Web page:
Murderous Melodies - Cuphead (REVIEW)

Murderous Melodies - Cuphead (REVIEW)

written by Justin Prince (@prince_justin)

Cuphead is a game I've been anticipating since the first day I laid eyes on it. Born from indie devs StudioMDHR Entertainment, run by brothers Chad and Jared Moldenhauer, Cuphead is the studio's first game... talk about starting out on a high note right?

The first thing anyone who checks out the game will notice are the visuals, Cuphead takes the distinct aesthetic of early 1900's era cartoons from Fleischer Studios, Disney, and influential cartoonists like Ub Iwerks and Grim Natwick; creating in my opinion the most visually striking title I have played in years! Running and jumping around as the titular Cuphead (or his player-2 cohort Mugman) looks like it was ripped right out of cartoons from that early era.


Utilizing techniques similar to animating 1930's cartoons, the hand-drawn character art stands out giving Cuphead a unique visual aesthetic in a sea of pixelated run-and-gun side scrollers. There were moments I forgot I was even playing a video game and instead registered this as watching a cartoon. While I've always said that visuals alone can't hold up a game; Cuphead is one where even if the gameplay was absolute shit, it would retain some value to play. Thankfully, as sublime of an experience it was to just look at the game... Cuphead's gameplay was just as exquisite.

If you grew up playing run-and-gun shooters like Contra, jumping in to Cuphead will feel familiar. Run, jump, dodge, parry, shoot; it's a simple premise but one that opens up a plethora of ways to engage in combat. Your primary fire is bound to one button with jump and dash bound to others. Holding down the jump button over simply tapping it allows you to jump higher. Some projectiles can be parried as well, hit the jump button and immediately before registering being hit... tap jump again and you can successfully parry the attack, in two-player mode you can bring back a fallen comrade by parrying his spirit before it floats up to the heavens. Tilting the left analog stick on your controller aims your shots in one of eight directions, the right bumper lets you stand in place while shooting/aiming in multiple directions. As you rack up damage on foes, you build up your super meter... letting you attack with a more powerful super-move.


Collecting coins during run-and-gun levels allows you to purchase upgrades to your arsenal, from augmenting your primary fire to more passive perks like an additional point of HP or giving you a free parry on your first attempt. Going forward, I would urge you to be careful with what you do purchase, the worst thing you can do for your game is to purchase an ability that doesn't fit into your gameplay style.

Cuphead is unforgiving in the sweetest possible way. Failing to complete a level or defeat a boss flashes a progress screen before letting you choose to retry, exit to the map, or quit the game entirely. Other Cuphead players will know the biting sense of disappointment when you see that you are VERY close to the end when your last point of HP vanishes. Spatial awareness and fully understanding the platforming mechanics is paramount to your success. The only way you'll be able to survive the onslaught is to dodge everything; easier said than done when projectiles fly toward you from practically every direction. Unlike other run-and-gun platformers, the world isn't littered with power ups and health items. Every level you play needs to be played nearly perfect to survive, there is very little wiggle room for error here.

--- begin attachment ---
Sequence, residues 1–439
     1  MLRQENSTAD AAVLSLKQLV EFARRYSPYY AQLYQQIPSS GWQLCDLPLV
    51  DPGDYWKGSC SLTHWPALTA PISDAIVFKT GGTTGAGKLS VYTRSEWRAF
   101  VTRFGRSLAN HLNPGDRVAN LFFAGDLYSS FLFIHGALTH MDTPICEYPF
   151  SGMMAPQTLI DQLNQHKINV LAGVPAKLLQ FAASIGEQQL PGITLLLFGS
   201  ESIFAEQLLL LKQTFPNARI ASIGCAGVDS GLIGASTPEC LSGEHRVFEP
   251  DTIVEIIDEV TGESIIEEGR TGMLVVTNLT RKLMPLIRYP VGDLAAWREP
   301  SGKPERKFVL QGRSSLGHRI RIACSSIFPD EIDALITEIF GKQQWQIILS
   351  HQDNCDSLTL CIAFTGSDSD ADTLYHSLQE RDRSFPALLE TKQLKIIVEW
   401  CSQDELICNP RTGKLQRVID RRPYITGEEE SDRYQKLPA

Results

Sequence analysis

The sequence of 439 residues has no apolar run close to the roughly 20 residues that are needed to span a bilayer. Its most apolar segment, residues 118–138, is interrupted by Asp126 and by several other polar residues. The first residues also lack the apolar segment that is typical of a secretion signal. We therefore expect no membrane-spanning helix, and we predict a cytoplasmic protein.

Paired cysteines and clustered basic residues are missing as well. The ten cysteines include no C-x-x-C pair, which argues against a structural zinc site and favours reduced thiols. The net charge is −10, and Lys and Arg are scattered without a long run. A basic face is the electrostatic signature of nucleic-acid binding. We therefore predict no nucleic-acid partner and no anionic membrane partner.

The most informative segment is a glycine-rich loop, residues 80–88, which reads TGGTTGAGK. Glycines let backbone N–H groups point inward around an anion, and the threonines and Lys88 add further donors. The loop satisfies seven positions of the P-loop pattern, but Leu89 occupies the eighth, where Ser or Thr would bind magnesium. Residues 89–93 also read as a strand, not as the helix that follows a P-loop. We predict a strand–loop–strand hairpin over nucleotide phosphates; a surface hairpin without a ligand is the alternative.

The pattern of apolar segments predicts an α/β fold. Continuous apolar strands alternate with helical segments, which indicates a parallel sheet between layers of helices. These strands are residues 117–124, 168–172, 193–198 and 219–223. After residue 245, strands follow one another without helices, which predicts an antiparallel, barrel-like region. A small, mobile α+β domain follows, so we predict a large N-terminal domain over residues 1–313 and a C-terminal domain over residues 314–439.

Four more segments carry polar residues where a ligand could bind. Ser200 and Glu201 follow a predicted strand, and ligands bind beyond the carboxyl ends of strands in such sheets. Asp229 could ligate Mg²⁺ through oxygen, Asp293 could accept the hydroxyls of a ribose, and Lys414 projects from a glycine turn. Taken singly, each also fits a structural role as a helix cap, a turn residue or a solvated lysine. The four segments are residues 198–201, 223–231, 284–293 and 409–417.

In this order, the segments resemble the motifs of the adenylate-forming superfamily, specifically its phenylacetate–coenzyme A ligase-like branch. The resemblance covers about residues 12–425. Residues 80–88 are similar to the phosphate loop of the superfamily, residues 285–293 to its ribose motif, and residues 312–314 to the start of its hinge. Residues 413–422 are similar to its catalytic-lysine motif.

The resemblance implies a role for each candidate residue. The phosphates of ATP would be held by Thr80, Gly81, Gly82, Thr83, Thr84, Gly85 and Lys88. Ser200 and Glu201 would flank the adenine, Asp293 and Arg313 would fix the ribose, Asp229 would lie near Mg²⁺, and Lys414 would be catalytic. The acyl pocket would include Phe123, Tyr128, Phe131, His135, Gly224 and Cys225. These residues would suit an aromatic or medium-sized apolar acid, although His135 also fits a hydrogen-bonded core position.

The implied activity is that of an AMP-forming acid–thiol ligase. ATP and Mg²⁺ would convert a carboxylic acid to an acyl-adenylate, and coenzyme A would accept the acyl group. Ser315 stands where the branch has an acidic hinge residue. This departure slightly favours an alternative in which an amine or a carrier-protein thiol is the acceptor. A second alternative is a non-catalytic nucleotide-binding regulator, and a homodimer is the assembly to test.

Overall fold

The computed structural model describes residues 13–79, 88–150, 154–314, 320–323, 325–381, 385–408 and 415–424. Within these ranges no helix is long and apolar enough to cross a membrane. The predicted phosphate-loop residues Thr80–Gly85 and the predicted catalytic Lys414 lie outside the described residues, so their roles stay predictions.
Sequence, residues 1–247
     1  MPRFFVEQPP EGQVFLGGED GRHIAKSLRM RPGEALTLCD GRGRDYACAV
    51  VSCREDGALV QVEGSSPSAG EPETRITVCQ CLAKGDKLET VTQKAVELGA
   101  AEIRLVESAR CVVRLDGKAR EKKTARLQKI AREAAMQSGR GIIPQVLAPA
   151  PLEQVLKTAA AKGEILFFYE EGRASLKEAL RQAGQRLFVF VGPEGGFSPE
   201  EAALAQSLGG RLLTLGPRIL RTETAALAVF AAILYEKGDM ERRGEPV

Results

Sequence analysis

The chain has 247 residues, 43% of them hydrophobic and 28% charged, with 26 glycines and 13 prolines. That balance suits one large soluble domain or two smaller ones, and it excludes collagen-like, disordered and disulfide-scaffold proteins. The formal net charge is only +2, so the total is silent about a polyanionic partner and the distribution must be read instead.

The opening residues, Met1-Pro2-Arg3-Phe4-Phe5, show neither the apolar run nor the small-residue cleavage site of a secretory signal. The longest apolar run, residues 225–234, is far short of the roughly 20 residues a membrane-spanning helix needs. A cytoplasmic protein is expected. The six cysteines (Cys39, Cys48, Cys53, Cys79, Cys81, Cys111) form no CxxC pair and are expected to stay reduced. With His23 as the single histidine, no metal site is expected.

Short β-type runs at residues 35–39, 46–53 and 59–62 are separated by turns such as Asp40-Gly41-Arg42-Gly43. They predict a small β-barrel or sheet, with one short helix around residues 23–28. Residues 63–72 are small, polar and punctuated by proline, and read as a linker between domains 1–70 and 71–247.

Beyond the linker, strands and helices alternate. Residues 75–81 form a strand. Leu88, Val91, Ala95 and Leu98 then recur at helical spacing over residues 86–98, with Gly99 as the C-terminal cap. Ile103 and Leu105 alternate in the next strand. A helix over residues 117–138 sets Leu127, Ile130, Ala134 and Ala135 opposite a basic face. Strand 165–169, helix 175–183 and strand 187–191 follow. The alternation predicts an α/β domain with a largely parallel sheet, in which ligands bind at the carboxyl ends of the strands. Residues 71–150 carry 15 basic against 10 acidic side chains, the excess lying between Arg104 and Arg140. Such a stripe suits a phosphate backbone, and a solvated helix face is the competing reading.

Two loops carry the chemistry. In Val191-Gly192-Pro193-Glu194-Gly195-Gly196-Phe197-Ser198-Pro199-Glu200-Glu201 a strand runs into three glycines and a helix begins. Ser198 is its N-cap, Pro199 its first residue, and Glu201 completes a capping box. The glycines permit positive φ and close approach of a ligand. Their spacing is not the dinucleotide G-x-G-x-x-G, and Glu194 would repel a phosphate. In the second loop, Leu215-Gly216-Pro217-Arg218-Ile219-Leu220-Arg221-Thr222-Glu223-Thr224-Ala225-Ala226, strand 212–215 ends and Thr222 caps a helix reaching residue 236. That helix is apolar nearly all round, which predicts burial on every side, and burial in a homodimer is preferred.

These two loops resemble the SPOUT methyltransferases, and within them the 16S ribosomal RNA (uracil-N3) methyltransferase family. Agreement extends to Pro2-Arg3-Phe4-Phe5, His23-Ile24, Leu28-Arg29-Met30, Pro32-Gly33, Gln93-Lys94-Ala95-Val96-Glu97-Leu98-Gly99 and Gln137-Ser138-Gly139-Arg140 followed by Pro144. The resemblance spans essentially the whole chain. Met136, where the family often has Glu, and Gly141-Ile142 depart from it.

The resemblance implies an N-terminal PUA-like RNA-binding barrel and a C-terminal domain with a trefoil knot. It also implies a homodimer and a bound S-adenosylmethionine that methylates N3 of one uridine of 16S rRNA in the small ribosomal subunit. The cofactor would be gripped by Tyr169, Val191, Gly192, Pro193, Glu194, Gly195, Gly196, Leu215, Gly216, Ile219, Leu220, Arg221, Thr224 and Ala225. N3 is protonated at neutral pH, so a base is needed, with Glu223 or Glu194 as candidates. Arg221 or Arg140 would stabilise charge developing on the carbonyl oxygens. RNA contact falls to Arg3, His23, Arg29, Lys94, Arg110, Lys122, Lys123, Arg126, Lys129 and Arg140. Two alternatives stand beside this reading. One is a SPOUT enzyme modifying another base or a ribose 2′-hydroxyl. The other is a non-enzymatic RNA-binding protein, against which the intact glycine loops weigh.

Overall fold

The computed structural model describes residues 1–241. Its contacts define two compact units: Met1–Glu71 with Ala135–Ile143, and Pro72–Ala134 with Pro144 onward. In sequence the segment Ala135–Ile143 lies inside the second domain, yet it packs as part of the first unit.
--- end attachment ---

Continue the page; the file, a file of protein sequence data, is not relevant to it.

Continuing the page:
While Cuphead is incredibly difficult, it's also one of the most rewarding gaming experiences I've had in a very long time. While dying near the end of a level is indeed demoralizing, beating a level or narrowly taking down a boss with 1 HP left was truly a euphoric experience. I could lose a level 20 times in a row... and granted I'd get tilted as the failed attempts racked up... but that 21st time where I finally beat the level gives me an incredible high I can't even begin to describe.

To be honest, I can't even blame the controls on my failed attempts. Gameplay is snappy and intuitive; despite the simplistic presentation, controls are so well-tuned that even when I failed I knew exactly what I did wrong and why it happened. My only gripe with the controls is a weird little bug during 2-player mode where after dying the controller would still rumble until the next point I took damage.

Much of the story involves Cuphead and Mugman tackling several boss levels to collect their souls, after losing big at the Devil's casino, the flatware duo has to repay a debt to the Devil or forfeit their own souls. These missions are all found on the colorful world map and can be tackled in whatever order you deem fit. Some parts of the map remain blocked off until you complete a run-and-gun level or a boss stage. This never felt constricting and though the game doesn't offer much for exploration, that's okay because exploring the world isn't the point of Cuphead.


Cuphead is all about the gameplay, while the driving force behind not losing their souls pushes our heroes to take on insurmountable odds, the meat and potatoes of the experience is all in the levels. From expertly crafted run-and-gun levels to boss stages that pushed me harder than I've ever been pushed before, Cuphead is like if Contra, Steamboat Willy, and Dark Souls had a baby... and boy what a baby it is...


5 OUT OF 5

Ridiculously sublime... so good!


+ Gorgeous visuals
+ Unique style and aesthetics
+ Tight controls


- uummmmm
- uhhhhh.......
- I got nuthin'

Put A Bird On It: Comic Con Edition - Rose City Comic Con 2017

Put A Bird On It: Comic Con Edition - Rose City Comic Con 2017

Gangster's Paradise - Yakuza Kiwami (REVIEW)

Gangster's Paradise - Yakuza Kiwami (REVIEW)